Why there’s much ado about inmates doing Shakespeare behind bars.


The stage is set. The actors put the final touches on their costumes and wait nervously in the wings. The audience is ushered in by an armed guard or two. It’s showtime.

This is not an ordinary production of Shakespeare’s “Julius Caesar.” This is Shakespeare at San Quentin State Prison.

Since 2003, actors and staff from the Marin Shakespeare Company have taught classes at San Quentin, the state prison just a few miles away.

The company has always boasted a rich social outreach program to get Shakespeare’s work out to as many people as possible. The prison population was nearby, and managing director Lesley Currie said they seemed like a logical fit for courses. So she and her team decided to give it a try.

“At first it was very poorly attended, but after a few years, we had enough men in the class to actually put on a full-length Shakespeare play in the prison chapel,” Currier said in a phone interview. “And since then, it’s just taken off.”

After their first full-length production, interest in the classes skyrocketed. These days, Currier sometimes manages a waitlist or two.

The sessions don’t just focus on Shakespeare. Through exercises and activities, they also cover conflict resolution and positive decision making.

The classes are team taught, and local actors and directors often volunteer their time too. In addition to acting, the courses include lessons in self-reflection and teamwork. With the help of drama therapy students, the classes can also go a little deeper, allowing the inmates to work on their social skills.

“In a typical two and a half hour class, we’ll often spend an hour doing all kinds of different exercises that are designed to build acting skills but also designed to build human skills,” Currier said.

She often ends each class with what she calls, “group decision-making exercises.” These creative assignments might ask participants to work as a team to turn lines from a play into a song and dance or a poem; or have them rewrite certain scenes, forcing characters to make a different choice.

According to Currier: “One of our students said, ‘I’ve done a lot of conflict resolution work since I’ve gone to prison, but that kind of exercise is the best conflict resolution work I’ve ever done.'”

But as with the bard himself said, the play’s the thing.

Since the early days of the program, the participants have put on more than a dozen full-length Shakespeare plays at San Quentin. The inmate actors work for months putting each show together. Memorizing lines, building sets, and getting into character is tough work, and the actors take their roles very seriously.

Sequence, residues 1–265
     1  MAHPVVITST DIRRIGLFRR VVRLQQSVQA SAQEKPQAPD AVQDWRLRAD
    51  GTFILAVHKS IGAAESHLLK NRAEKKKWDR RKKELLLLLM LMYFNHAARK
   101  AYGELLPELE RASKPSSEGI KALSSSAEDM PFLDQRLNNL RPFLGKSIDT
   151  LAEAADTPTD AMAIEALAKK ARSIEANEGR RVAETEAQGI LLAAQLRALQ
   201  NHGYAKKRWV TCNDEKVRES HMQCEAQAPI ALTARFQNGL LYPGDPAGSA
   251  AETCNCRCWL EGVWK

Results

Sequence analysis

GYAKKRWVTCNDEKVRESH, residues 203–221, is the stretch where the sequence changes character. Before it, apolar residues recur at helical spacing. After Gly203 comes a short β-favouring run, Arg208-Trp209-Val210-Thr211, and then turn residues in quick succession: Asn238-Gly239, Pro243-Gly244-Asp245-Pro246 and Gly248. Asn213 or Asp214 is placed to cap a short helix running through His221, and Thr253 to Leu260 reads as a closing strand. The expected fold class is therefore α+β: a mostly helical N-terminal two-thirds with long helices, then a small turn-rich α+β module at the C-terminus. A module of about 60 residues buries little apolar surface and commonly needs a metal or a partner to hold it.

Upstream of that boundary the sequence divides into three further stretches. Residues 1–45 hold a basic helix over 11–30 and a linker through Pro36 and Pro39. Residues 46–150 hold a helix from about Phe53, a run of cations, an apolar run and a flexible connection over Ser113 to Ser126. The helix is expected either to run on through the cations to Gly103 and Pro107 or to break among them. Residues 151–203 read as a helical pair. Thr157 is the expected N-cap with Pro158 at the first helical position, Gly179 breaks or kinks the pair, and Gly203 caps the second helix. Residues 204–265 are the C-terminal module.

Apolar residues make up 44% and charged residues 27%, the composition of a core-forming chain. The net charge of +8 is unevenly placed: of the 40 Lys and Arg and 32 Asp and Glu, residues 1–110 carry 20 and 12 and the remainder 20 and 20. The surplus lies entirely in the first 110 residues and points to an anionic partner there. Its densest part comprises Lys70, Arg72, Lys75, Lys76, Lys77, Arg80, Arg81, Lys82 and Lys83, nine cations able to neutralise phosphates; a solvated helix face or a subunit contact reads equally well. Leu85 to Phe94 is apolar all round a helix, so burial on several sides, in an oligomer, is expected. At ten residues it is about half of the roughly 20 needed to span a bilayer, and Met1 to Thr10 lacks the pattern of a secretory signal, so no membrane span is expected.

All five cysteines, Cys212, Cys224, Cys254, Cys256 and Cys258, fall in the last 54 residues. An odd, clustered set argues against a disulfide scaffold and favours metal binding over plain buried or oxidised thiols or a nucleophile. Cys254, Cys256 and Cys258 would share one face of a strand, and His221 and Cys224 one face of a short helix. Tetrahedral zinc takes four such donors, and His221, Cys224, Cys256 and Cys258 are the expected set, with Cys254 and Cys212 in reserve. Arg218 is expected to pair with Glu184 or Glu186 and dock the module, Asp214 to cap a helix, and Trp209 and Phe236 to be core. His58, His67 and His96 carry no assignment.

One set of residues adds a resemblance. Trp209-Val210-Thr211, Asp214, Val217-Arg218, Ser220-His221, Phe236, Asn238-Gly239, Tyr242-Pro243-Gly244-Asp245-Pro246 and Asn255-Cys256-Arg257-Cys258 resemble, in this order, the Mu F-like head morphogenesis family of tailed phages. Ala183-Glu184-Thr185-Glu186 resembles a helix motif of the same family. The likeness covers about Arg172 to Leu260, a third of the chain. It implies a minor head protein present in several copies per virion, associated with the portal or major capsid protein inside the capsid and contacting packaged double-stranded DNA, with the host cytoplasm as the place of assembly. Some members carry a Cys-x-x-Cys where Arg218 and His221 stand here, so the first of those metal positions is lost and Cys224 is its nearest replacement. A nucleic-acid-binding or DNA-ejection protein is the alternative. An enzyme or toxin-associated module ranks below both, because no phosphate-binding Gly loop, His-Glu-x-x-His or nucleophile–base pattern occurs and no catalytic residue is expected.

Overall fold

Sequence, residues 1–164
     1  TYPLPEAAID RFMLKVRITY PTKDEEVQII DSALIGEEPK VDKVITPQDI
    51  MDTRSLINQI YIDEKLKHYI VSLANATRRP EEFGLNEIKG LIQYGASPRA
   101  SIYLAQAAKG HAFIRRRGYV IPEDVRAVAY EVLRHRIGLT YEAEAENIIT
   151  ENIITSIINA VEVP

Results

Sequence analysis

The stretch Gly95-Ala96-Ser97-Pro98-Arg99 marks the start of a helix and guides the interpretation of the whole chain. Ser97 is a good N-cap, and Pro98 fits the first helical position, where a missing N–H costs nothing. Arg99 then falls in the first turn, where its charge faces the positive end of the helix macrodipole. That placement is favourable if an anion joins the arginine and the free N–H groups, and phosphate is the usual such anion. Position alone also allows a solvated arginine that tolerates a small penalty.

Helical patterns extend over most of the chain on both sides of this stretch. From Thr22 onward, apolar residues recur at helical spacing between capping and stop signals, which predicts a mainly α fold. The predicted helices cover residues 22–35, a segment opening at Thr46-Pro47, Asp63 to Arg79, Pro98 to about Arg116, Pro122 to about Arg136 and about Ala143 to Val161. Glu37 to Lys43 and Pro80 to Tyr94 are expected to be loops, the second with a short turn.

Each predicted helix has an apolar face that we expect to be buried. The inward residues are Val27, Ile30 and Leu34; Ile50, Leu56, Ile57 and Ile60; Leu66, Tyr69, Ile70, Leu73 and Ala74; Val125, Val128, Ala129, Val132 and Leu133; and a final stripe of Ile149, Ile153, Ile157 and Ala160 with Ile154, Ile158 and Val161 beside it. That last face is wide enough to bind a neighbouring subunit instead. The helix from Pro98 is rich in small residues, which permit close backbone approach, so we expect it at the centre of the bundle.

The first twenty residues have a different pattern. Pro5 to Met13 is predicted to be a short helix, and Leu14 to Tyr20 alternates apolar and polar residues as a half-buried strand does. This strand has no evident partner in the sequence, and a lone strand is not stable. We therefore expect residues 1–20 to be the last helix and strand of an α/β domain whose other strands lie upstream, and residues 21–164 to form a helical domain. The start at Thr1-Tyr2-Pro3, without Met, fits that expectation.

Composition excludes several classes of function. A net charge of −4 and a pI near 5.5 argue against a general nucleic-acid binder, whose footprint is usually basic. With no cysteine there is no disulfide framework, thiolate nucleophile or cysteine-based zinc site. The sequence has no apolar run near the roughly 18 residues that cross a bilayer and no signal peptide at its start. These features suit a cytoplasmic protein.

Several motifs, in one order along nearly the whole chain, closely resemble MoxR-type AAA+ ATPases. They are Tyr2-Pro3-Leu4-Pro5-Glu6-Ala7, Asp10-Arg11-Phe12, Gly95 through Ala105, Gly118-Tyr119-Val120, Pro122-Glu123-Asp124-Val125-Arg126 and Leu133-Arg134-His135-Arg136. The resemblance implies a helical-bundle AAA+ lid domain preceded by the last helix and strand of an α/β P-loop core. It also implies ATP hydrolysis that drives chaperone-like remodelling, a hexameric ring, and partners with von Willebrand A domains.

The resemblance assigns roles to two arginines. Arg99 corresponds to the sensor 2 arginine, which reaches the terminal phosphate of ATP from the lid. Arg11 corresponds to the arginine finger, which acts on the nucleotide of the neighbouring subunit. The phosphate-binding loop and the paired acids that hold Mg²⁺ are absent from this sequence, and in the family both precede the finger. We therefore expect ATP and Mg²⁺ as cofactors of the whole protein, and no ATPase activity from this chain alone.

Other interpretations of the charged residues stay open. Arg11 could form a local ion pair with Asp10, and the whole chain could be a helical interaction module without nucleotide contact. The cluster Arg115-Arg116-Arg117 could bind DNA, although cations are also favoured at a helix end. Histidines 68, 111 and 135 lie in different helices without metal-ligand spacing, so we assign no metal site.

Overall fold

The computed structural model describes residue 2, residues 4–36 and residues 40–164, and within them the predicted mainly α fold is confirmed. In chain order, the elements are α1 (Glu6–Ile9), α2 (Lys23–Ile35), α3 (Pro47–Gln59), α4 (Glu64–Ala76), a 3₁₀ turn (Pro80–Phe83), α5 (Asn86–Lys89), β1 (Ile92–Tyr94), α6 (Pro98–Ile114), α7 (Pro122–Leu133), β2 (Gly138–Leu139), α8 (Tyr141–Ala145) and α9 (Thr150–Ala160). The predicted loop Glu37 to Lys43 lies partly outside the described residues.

Because, for them, it’s not just something to do, it’s a point of pride and a place for self-expression.

“One man said, ‘I’ve been in prison for 12 years, I have a 12-year-old daughter, and all she’s ever known about me is that I’m in prison. And today she gets to know that I’m a Shakespeare star.”

The inmates’ families aren’t allowed into the facility to see the productions (the audience is mostly made up of other inmates), but each performance is recorded and put online so families can see their stars in action whenever they want.

Support from the state has allowed the program to expand to two more correctional facilities too.

“Three years ago the state actually started funding arts in corrections, and we were one of the first seven organizations in the state of California to get a grant,” Currier said.

The grant allowed the program to expand to inmates at Solano State Prison in Vacaville, where inmates are working on “Hamlet” and “King John.” And the Folsom Women’s Facility, about 25 miles east of Sacramento, where they’re working on “Taming of the Shrew.”

The expansion gives more inmates a chance to take advantage of this powerful program.

“When you hear the men talk about why they do it and why it’s important to them [the men and the women now] it just makes you realize, just more deeply what it means to be a human being on this planet,” Currier said.

But the best part? It’s really having a positive effect on the participants.

Programs like this are a win for everyone involved, and that’s why California and other states continue to make the investment.

“Research has shown that structured arts programs improve inmates’ problem-solving skills and self-discipline and increase their patience and their ability to work with others,” said California Department of Corrections and Rehabilitation (CDCR) Secretary Jeff Beard in a written statement. “These programs also direct inmates’ energy in a positive direction, promote positive social interaction and lower tension levels, resulting in a safer environment for inmates and staff.”

Most importantly, for the actors and their teachers, these programs can be life-changing.

“Most California state prisons have versions of 12-step programs … and most have some kind of education program where you can get your GED or do college coursework, and those are really important,” Currier said. “But the arts are really important as well. Being able to engage with other people through the arts that’s a different kind of social learning than you can get writing an essay.”

Whether it’s “Hamlet,” “Julius Caesar,” or “Taming of the Shrew,” it turns out that some of the best shows in California are behind lock and key.

They’re full of heart, passion, and pride. The actors’ performances transport the audience to worlds previously unimagined, even if just for a few hours. And when you’re living in a restrictive environment, that’s a beautiful, life-changing gift.

Read more: http://www.upworthy.com/why-theres-much-ado-about-inmates-doing-shakespeare-behind-bars?c=tpstream

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Why there’s much ado about inmates doing Shakespeare behind bars.

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